Health Desk

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In the 1980s and '90s, many doctors told women going through menopause that they should take female hormones — estrogen and progestin — to alleviate symptoms like hot flashes and sleep problems. The hormone therapy was thought to have other benefits, too, like preventing broken bones, colon cancer and heart attacks.

For some people with Lyme disease, the illness seems to take a lasting toll.

Years after a standard two-week course of antibiotics against Borrellia burgdorferi or closely related organisms that cause the disease, these patients remain exhausted and foggy-headed. They suffer from chronic aches and pains and poor sleep.

Amanda Vinicky

It had been a long time coming, but Illinois' pilot program for medical marijuana has finally kicked off last November. It's been slow growing for the industry so far, and there are many restrictions.  The business HCI Alternatives has two medical marijuana dispensaries in the state now.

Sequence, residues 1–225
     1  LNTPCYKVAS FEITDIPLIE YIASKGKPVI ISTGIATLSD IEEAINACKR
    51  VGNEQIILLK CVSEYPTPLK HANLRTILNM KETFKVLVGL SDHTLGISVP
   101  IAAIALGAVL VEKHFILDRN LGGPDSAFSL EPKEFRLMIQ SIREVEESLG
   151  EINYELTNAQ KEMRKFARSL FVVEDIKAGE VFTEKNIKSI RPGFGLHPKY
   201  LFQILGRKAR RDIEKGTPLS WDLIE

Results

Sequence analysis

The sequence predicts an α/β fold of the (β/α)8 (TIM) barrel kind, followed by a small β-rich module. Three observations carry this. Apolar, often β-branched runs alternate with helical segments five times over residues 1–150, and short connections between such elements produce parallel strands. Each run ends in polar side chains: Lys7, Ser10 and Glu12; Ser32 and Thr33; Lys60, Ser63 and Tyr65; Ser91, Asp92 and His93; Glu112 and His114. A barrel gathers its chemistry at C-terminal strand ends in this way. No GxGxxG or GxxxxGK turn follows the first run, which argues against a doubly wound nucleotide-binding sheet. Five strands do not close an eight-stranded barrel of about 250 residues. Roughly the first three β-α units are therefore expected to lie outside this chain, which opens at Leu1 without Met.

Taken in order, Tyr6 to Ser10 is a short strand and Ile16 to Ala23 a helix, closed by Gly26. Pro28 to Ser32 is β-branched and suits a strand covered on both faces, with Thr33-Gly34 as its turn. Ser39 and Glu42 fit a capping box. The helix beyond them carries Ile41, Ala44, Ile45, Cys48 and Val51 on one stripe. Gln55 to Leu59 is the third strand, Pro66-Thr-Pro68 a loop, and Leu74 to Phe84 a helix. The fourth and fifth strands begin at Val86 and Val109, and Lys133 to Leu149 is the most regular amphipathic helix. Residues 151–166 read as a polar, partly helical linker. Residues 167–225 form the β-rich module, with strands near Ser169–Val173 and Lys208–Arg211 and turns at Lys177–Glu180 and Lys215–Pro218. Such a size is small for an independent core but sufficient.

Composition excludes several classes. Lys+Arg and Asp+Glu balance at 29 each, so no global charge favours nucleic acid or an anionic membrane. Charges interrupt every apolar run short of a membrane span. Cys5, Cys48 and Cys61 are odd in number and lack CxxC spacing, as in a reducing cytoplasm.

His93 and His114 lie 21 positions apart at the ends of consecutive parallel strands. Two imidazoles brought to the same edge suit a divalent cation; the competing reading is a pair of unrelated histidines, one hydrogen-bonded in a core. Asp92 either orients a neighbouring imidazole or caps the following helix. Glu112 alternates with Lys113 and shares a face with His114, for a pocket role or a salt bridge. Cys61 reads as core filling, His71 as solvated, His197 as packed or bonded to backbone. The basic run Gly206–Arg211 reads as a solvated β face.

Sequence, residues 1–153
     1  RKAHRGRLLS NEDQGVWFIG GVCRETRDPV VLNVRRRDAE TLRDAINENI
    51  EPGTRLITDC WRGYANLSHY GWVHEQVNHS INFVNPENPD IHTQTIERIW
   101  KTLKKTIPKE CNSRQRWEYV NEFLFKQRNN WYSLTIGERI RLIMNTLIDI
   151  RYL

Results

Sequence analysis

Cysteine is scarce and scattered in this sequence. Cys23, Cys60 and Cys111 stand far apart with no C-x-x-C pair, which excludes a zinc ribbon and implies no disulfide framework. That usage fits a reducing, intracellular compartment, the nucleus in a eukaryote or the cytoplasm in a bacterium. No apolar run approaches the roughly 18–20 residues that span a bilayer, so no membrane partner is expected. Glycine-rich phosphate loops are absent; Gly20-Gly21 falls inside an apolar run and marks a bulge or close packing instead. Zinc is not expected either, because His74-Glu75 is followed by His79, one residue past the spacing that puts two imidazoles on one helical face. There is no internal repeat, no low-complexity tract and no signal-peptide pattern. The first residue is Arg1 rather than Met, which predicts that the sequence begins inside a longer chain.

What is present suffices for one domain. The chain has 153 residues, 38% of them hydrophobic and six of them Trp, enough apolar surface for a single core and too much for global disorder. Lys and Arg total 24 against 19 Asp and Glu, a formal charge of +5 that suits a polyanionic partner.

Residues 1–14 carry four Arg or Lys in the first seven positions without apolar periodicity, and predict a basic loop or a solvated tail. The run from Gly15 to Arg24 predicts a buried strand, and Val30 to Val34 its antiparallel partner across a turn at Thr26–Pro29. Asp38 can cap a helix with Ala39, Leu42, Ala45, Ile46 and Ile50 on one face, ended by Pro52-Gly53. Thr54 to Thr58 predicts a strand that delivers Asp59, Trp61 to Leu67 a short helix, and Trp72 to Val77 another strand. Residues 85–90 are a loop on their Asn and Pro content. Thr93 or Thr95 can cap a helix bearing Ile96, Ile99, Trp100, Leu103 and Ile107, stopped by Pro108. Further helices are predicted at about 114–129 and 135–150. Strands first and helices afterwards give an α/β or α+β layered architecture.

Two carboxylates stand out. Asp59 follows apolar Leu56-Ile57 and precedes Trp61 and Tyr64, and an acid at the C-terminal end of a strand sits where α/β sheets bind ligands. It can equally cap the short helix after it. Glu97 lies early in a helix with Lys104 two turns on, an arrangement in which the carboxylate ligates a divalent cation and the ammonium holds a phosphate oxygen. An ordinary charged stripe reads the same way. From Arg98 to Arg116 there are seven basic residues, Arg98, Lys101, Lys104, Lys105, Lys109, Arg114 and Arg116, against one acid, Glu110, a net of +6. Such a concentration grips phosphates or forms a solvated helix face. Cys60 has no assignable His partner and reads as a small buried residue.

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The FDA has updated the labeling for the abortion-inducing drug Mifeprex, allowing it to be taken at a lower dose and with fewer visits to the doctor's office.

The change brings the drug's label into alignment with common medical practice in 47 states — and will make the drug more accessible to women in three states, where lawmakers had required doctors to prescribe the drug according to the original label.

Mifeprex is the brand name for mifepristone, also known as RU-486. (It's not related to the emergency contraceptive known as the morning-after pill, or Plan B.)

Just how, exactly, could we wipe out a species of mosquito?